SEZAYI ERKEN/AFP/Getty Images

Small Wars

Salami Slicing in the South China Sea

China's slow, patient approach to dominating Asia.

The Pentagon recently commissioned recommendations from the Center for Strategic and International Studies (CSIS) on its military basing plans in the Pacific. CSIS's June 27 report recommended that the Pentagon reallocate forces away from Northeast Asia and toward the South China Sea. Specifically, CSIS called on the Pentagon to base more attack submarines in Guam, beef up the Marine Corps' presence in the region, and study the possibility of basing an aircraft carrier strike group in Western Australia.

The South China Sea is undoubtedly heating up as a potential flashpoint. Disputes over territory, fishing rights, and oil leases have accelerated this year. A recent ASEAN conference in Phnom Penh, Cambodia, aimed at making progress on a code of conduct for the South China Sea, collapsed in acrimony and failed, for the first time in 45 years, to agree on a concluding joint statement. Vietnam and the Philippines were particularly upset that their Southeast Asian neighbors made no progress on a unified stance against Chinese encroachments in the sea.

The increase in U.S. military power in the region, called for by both the CSIS report and by U.S. Defense Secretary Leon Panetta in a June speech in Singapore, is designed in part to deter overt aggression, such as a sudden restart of the Korean War or a Chinese blitzkrieg against Taiwan. To the extent such scenarios are now considered highly remote, the U.S. military presence in the region is doing its job. But what about an adversary that uses "salami-slicing," the slow accumulation of small actions, none of which is a casus belli, but which add up over time to a major strategic change? U.S. policymakers and military planners should consider the possibility that China is pursuing a salami-slicing strategy in the South China Sea, something that could confound Washington's military plans.

Appendix 4 of this year's annual Pentagon report on China's military power displays China's South China Sea claim, the so-called "nine-dash line," along with the smaller claims made by other countries surrounding the sea. A recent BBC piece shows China's territorial claim compared to the 200-nautical mile exclusive economic zones (EEZs) that the United Nations Convention on the Law of the Sea has granted to the countries around the sea. The goal of Beijing's salami-slicing would be to gradually accumulate, through small but persistent acts, evidence of China's enduring presence in its claimed territory, with the intention of having that claim smudge out the economic rights granted by UNCLOS and perhaps even the right of ships and aircraft to transit what are now considered to be global commons. With new "facts on the ground" slowly but cumulatively established, China would hope to establish de facto and de jure settlements of its claims.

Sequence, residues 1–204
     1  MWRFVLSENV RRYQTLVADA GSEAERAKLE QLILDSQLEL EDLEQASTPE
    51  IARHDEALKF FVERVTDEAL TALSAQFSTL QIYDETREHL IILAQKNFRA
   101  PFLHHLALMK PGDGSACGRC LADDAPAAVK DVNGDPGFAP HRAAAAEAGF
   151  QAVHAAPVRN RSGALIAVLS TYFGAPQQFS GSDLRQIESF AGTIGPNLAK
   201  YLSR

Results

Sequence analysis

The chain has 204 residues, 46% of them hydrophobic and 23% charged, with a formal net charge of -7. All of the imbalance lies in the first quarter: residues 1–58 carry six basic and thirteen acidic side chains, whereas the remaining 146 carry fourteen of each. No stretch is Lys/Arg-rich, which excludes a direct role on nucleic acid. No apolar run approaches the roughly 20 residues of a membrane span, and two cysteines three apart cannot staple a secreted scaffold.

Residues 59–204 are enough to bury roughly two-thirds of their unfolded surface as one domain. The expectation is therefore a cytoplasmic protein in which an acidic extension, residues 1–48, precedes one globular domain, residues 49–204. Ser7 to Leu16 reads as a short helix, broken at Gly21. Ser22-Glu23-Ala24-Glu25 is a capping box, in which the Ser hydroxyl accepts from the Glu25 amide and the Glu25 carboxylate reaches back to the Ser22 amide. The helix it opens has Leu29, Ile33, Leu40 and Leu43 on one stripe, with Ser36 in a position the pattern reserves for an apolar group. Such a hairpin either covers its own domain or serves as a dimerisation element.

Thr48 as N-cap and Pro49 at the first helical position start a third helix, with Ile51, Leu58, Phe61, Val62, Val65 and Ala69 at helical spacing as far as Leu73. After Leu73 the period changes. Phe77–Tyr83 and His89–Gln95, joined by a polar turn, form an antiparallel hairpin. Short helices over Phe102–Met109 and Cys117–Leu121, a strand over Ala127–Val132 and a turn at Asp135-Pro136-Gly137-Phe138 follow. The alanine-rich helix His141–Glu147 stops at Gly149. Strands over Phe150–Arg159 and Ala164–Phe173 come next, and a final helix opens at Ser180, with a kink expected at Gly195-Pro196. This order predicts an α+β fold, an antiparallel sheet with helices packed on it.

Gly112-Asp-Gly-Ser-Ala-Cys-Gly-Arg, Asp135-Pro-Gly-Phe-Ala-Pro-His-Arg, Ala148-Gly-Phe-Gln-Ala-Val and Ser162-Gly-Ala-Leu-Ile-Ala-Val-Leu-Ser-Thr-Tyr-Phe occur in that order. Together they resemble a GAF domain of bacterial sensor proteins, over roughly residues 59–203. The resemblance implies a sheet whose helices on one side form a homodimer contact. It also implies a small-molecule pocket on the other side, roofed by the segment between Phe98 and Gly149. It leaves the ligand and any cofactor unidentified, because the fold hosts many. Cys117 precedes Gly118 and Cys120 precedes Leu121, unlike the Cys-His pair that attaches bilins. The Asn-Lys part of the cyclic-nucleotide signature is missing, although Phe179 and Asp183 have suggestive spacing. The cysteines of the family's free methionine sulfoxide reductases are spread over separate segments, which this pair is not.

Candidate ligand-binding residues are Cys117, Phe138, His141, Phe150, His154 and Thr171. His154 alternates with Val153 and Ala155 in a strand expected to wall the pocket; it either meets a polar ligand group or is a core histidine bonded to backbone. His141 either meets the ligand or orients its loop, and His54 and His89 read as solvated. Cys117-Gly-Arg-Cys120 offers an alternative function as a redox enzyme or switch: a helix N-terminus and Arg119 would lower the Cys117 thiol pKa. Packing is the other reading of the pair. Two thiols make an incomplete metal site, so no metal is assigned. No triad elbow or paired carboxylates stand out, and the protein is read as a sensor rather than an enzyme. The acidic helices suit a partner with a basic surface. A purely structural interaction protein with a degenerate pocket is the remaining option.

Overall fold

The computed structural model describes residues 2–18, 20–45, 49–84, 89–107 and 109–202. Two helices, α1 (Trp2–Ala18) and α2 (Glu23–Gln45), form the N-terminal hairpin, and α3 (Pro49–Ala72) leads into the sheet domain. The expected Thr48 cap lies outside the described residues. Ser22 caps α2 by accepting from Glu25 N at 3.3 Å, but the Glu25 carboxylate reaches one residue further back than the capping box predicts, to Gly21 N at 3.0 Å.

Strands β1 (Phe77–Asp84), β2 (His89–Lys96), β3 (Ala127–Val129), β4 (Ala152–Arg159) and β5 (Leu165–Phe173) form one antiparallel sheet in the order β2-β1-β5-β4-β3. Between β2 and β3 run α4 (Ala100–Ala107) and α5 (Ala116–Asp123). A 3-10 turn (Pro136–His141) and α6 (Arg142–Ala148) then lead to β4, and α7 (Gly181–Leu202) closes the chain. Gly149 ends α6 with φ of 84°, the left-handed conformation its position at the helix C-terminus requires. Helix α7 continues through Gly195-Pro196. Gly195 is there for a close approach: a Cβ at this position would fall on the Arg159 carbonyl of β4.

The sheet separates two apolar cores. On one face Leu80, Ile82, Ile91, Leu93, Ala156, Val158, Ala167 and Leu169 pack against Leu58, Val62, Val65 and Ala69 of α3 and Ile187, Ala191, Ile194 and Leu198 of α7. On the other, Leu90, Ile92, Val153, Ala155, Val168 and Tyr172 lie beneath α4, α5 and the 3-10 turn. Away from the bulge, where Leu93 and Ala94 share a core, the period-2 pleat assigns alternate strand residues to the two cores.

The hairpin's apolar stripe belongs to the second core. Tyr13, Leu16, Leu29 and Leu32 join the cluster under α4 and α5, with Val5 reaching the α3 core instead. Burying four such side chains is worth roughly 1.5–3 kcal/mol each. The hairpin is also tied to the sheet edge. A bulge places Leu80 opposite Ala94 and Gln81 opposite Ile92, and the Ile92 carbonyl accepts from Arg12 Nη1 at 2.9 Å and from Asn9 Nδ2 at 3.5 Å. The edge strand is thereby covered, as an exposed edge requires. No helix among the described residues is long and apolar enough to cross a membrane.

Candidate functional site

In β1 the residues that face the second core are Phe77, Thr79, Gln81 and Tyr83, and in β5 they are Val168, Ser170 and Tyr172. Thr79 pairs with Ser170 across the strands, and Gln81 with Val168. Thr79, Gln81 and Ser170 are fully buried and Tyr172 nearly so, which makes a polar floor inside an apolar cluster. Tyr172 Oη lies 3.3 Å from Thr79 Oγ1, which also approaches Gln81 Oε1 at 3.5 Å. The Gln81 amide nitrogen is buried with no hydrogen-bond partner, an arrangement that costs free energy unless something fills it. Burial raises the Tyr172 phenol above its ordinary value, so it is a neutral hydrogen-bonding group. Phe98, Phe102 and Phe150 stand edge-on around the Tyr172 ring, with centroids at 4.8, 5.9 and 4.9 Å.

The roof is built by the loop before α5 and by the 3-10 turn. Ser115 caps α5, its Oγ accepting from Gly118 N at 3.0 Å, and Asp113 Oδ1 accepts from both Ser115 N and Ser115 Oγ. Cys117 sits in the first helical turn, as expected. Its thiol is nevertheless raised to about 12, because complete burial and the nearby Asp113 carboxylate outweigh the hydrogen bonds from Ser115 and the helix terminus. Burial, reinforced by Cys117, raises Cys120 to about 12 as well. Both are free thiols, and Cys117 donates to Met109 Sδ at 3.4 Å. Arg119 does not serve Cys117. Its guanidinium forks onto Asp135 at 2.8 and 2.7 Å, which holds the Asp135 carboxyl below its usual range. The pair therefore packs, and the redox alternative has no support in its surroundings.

In April, a naval standoff between China and the Philippines occurred when Chinese fishing vessels were caught inside the Philippines EEZ near Scarborough Shoal. The standoff broke up after several weeks without a resolution of the underlying legal issues. Separately, the Philippines now intends to begin drilling for natural gas in the Reed Bank near its Palawan Island, a program to which China objects. A Chinese naval frigate recently ran aground 90 miles off Palawan; last year, Chinese warships threatened to ram a Philippine survey ship near Reed Bank.

Across the sea, and on the eve of the ill-fated Phnom Penh summit, the China National Offshore Oil Corp. (CNOOC), a state-owned oil developer, put out a list of offshore blocks for bidding by foreign oil exploration companies. In this case, the blocks were within Vietnam's EEZ -- in fact, parts of some of these blocks had already been leased by Vietnam for exploration and development. Few analysts expect a foreign developer such as Exxon Mobil to legitimize China's over-the-top grab of Vietnam's economic rights. But CNOOC's leasing gambit is another assertion of China's South China Sea claims, in opposition to UNCLOS EEZ boundaries most observers thought were settled.

Finally, in June, the Chinese government established "Sansha City" on Woody Island in the Paracel chain, which China seized from South Vietnam in 1974. Sansha will be the administrative center for China's claims in the South China Sea, to include the Spratly Islands near Reed Bank and Palawan, and Scarborough Shoal. China also announced plans to send a military garrison to the area.